And I make frappuccinos. Hard. I double-blend. The city of Wheaton, Illinois owes three pounds of fat per capita to my strawberries and cream smoothies. I go to bed and get up before you can call this morning-breath, to steam milk, gallon after gallon, and I squeeze more bottles of mocha than Willie Wonka.

The Company ladles out the benefits: health-care, tuition reimbursement–a free pound of coffee every week–but I have a degree from the best art school in the country. I should be spooning caviar to my baby girl. The other day, I scratched my eye and my shift manager told me to go fish. I didn ºt have a clue what she meant.

“Go fish? You want me to do dishes?”

“No. I want you to wash your hands. You touched your face.”

I felt like telling her to go fish. Well, not that exactly. Anyway, with four years of partner life behind me, here ºs my advice for survival behind the espresso bar:

1. If they treat you like itʼs high school, remember itʼs a high school job. Look closely at your paycheck. You made more in pizza delivery. Now blast 50 Centʼs “I Get Money” through your car speakers. Wish you could afford better speakers.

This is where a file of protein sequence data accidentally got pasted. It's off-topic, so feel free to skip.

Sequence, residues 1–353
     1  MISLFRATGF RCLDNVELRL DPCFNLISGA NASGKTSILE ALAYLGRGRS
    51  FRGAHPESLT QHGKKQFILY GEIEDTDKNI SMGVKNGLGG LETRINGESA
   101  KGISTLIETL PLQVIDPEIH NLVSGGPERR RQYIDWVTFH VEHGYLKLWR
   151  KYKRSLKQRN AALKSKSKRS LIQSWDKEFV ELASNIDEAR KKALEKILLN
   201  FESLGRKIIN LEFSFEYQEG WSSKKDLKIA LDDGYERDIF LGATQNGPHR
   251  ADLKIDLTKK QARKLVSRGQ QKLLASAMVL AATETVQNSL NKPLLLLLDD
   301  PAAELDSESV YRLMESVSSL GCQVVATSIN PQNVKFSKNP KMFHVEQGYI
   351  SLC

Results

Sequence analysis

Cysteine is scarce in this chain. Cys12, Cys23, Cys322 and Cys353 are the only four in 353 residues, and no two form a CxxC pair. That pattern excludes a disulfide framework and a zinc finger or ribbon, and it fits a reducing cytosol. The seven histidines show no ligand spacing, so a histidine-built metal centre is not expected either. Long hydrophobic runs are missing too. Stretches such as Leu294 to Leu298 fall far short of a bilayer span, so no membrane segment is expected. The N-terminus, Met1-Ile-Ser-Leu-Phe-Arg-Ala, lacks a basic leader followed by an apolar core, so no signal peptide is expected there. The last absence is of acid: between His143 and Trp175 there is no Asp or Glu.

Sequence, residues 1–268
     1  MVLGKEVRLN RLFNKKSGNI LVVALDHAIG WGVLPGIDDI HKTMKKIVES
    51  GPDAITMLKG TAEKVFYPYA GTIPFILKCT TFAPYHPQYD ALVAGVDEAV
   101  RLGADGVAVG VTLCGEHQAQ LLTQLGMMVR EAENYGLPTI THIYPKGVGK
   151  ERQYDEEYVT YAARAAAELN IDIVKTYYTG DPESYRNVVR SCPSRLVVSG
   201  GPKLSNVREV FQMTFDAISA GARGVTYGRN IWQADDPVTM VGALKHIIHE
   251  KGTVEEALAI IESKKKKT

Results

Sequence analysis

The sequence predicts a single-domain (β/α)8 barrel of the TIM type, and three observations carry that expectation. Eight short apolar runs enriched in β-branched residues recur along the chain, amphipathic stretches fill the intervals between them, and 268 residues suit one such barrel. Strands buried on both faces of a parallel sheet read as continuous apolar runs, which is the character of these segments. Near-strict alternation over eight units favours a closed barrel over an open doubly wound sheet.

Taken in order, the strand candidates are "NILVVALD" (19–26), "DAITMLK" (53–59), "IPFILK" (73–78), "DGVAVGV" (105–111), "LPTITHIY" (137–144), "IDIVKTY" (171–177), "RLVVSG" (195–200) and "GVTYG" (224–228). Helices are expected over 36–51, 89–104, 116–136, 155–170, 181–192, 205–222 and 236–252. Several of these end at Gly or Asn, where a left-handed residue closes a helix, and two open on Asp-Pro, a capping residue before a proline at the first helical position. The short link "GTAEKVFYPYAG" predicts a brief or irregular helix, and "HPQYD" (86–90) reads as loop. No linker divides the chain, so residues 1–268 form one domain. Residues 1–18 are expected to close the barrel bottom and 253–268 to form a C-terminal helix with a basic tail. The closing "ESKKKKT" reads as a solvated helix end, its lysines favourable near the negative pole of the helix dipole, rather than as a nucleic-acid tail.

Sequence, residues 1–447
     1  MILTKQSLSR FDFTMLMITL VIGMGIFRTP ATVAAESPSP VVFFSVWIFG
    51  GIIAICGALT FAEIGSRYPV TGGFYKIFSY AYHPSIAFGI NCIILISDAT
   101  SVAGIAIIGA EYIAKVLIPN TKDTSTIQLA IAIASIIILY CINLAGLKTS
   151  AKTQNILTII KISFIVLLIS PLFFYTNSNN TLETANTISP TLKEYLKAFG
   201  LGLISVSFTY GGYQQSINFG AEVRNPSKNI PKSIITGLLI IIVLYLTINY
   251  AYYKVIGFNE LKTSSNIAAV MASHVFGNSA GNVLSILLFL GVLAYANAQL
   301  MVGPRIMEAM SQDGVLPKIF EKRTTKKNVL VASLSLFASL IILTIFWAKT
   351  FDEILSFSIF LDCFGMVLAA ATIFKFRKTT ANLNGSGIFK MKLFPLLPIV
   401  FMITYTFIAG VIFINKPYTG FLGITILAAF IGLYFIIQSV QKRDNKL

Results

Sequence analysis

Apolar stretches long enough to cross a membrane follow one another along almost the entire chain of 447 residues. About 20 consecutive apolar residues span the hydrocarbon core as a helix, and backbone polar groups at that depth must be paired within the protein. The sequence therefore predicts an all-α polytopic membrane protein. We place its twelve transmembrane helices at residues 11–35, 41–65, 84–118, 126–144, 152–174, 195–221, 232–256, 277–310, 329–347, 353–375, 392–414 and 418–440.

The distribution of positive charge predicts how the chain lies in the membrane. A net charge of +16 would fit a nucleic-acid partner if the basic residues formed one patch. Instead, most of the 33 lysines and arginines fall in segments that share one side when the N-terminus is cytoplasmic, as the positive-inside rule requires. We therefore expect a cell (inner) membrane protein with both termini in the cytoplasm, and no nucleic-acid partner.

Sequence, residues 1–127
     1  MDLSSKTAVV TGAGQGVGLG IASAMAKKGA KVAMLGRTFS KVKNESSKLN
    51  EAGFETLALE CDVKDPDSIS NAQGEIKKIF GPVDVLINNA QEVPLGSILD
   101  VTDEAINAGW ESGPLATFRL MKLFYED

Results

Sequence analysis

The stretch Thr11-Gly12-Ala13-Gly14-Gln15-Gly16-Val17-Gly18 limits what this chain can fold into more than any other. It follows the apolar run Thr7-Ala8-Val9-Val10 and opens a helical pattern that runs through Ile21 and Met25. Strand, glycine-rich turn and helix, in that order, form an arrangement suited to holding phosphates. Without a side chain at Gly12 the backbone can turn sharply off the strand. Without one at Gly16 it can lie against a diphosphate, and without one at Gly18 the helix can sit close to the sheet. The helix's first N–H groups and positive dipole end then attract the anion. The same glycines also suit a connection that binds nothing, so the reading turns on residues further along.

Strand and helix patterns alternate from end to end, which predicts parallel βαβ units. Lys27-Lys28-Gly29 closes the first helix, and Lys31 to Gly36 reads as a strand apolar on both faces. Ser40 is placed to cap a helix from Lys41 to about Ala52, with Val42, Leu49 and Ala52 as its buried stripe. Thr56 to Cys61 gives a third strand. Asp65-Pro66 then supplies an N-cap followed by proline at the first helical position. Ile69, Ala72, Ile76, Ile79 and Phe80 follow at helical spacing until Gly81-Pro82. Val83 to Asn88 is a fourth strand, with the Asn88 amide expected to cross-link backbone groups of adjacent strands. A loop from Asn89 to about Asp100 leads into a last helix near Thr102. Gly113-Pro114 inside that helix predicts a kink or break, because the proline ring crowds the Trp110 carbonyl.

2. Laugh about it. Yesterday around 5:15 a.m., a customer wiped toothpaste from the corners of her mouth and asked what was in a carmel macchiato. My store manager said, “Itʼs just like any other latte, except the sots shit on top of the foam.” I turned to the coffee grinder and laughed myself awake.

3. Use the time to get after what you really want. If I traipse to work at 4 am, I can pack a whole day of work in before afternoon arrives. The afternoon yawns wide with practice time, studio time, and, uh, nap time.

4. Tell yourself that service feeds the soul. Manning the helm of the espresso machine while bleary-eyed yuppies await my concoctions, I tell myself I ºm doing something for them, that this is going to make their morning better. I ºm playing them a song, kind of. I ºm throwing something together over five minutes that makes their next five minutes better. Maybe even the five minutes after that. Music works best when I approach it like a gift to those around me. The day job does, too.

They play this song in there sometimes. Itʼs called “Everything is Free,” and itʼs by Gillian Welch. Sheʼs a songwriter I love, one we named our daughter after. Gillian sings about how hard sheʼll work to keep the music close, even when the stuff doesnʼt bring in any scrill. She sings, “Weʼre gonna do it anyway / Even if it doesnʼt pay.” The straight job earns the strum job. Iʼll make the trade.

*You can check out the music of Asher Lev at: www.asher-lev.com

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What To Do About WORK

This article was written by Todd Dakin, he is one funny guy.